On a rough grassy pitch at Bourton, three of us boys played for the local side.  The outfield was also rough grass, so it was difficult to make a big score. On two occasions 3 of the boys played cricket against Charlton Hawthorn team. I remember having a "soft spot' for a girl spectator at one of those matches.

The last 2 years one of our friends, Major Maggs, took a few of us Doris, Hugh and myself, for some instructive walks.  He knew the history of the district - the old Roman road, and the boundary stone where 3 counties met - Dorset, Somerset and Wiltshire.  It was on a narrow canal on his land that we paddled in a small boat, made by Phil.  It had a canvas and wood hull and was solidly built - called 'Water's Wet'1 & 2. This gave us much enjoyment.

Mucking around in Maggs pond

We didn't make many friends in the village because we were a tightly-knit family and were satisfied by our joint activities.

The icecream supplied by the village shop tasted like frozen custard.  There was a hardware and general store next door to it. Auntie Win (Britton) lived a short walk away in the village and we enjoyed paying her a visit.  She was full of ideas and fun and made a successful House-Mother at Weymouth College.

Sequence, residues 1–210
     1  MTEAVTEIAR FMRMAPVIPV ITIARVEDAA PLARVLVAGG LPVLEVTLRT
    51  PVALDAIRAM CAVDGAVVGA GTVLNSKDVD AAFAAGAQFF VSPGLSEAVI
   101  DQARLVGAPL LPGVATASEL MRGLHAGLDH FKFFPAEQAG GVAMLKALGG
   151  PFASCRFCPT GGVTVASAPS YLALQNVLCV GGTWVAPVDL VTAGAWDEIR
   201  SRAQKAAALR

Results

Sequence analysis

Our other hobbies were Meccano; and Phil made a very successful wireless set, run by a wet 12 volt battery (accumulator).  We used to call out Mr. Batho, from Gillingham, when it needed a change of batteries.  Every evening before going to bed Phil had to turn off the hand switch of the aerial, in case of a sudden thunderstorm.  We had fun playing popular music (but not jazz) on the HMV gramophone.

Auntie Bessie and Uncle Lawson paid a visit. Uncle Lawson was a well-spoken lawyer and impressed me by his knowledge of the world and public events.

On one or two occasions the Shepherd family visited CombeSide. Uncle Kenneth had a saloon car.  When he took us for a ride to Stourton Tower, along a bumpy gravel road, some of us stood on the running board.  The tower was a landmark in the wooded hills, where King Alfred raised his standard before going to fight and defeat King Guthrum and the Danes.  Father was a great admirer of King Alfred, who later became King of Wessex.